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4.3.4

Explain the need for higher level languages.

 

Teaching Note:

For example, as the human needs for computer systems have expanded it is necessary to abstract from the basic operations of the computer. It would take far too long to write the type of systems needed today in machine code.

 

Sample Question:

sdfsdfsf

From Sample Paper 1 - 2014:

JSR Notes:

More on Abstraction

The first thing to notice from the Teaching Note is the further use of the term "abstract", but in this case as a verb. This usage can further refine our understanding of what abstraction is. The Teaching Note says "it is necessary to abstract from the basic operations of the computer", which is to say we need to move up at least one level of abstraction away from the details of how a computer actually runs code at a machine level. How the computer at that lowest level of operation functions is of no concern to us as programmers; we just need to know that it works, not how it works. We ourselves will work at at least one level of abstraction above that lowest level or organization and function.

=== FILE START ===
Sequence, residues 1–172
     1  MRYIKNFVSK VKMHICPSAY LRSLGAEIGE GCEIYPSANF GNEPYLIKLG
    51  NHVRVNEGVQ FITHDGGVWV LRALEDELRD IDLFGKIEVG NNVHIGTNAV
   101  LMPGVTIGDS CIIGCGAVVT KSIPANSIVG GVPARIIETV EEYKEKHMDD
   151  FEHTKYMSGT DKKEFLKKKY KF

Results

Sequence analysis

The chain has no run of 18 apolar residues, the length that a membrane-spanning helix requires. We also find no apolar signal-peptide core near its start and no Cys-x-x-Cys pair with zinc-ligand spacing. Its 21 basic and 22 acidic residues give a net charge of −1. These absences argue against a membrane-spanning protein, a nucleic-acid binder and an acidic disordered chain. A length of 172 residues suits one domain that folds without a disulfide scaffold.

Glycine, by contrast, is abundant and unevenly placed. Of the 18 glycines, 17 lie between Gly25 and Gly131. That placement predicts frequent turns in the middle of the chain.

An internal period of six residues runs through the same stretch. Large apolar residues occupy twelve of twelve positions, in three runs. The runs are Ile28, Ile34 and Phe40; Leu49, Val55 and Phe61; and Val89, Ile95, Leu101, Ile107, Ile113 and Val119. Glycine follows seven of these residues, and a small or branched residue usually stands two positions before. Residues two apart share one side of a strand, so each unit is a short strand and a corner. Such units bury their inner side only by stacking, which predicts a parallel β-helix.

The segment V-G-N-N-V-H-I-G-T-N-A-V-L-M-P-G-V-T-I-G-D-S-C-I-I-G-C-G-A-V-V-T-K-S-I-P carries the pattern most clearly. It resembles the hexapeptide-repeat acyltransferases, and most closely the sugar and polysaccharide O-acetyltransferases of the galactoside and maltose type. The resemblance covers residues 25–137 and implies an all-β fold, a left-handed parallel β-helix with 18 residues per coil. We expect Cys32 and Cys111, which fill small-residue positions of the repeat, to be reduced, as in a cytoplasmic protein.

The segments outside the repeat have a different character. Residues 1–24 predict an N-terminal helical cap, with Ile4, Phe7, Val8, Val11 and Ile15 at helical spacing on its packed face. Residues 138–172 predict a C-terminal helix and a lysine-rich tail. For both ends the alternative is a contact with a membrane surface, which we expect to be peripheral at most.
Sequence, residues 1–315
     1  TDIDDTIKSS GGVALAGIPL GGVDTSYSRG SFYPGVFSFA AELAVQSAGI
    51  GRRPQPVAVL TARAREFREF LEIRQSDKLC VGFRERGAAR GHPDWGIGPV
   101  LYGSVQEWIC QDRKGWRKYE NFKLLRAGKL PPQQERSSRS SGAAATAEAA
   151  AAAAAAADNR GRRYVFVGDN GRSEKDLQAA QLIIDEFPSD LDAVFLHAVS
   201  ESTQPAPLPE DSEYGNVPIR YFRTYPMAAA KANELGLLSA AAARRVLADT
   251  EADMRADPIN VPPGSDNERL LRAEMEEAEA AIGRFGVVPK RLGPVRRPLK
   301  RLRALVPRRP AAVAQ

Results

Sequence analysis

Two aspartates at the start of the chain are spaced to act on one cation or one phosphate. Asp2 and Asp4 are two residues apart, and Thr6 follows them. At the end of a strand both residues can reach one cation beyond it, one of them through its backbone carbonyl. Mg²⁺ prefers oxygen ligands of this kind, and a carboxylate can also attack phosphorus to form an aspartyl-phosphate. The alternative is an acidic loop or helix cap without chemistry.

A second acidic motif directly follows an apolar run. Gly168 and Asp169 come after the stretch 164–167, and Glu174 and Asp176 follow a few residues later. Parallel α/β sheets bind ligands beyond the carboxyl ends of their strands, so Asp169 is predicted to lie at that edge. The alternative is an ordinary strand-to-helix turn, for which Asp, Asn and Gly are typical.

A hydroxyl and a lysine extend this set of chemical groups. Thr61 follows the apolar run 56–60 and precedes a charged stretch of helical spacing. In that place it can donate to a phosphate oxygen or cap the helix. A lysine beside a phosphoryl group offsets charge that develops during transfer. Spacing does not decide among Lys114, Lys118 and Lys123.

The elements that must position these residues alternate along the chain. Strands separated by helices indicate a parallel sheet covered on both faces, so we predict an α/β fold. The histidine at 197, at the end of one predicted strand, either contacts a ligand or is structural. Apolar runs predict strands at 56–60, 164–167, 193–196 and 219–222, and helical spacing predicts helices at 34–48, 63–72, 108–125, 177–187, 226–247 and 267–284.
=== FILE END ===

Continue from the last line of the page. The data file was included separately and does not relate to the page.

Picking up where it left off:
Higher Level Languages for Higher Levels of Abstraction

So following on from the Teaching Note, no, we certainly do not, ourselves, want to code in binary ("machine language" or "machine code"), which is the only language a computer can actually understand.

Machine language actually look like this, instructions all in binary representation:


0110 1100 0110 1111 0110 0001 0110 0100 0000 0011 (And this is just the first line token from below!)

And we don't even want to code in the lower level language one step above machine code, called "assembly language", which use tokens to represent each line of code, such as: (and see below for an image too.)


load 3
add 2
sto

Rather, we, as human beings, need higher level languages such as Java, Python, Ruby, C, and C++, which read more like human languages. This way we can communicate complex instructions in a manageable, readable way. For a really cool way of comparing lots of programming languages, go to www.rosettacode.org Or try Doodle.
Look at this link for a list of languages - Wow!

Try searching the site for a common algorithm like the binary search sample code, or more simply, a for loop.

 

Since computers cannot directly understand such higher level languages, yet they run on lower level maching languages there is a need for translation... which is addressed in the next assessment statement, 4.3.5.
But before you go on to that particular need... do back to the main point of the assessment statement: the need for higher level languages - and for the best answer, look at the Teaching Note above.

 

 

Here's an image of some actual assembly language:

motorola assembly lanauge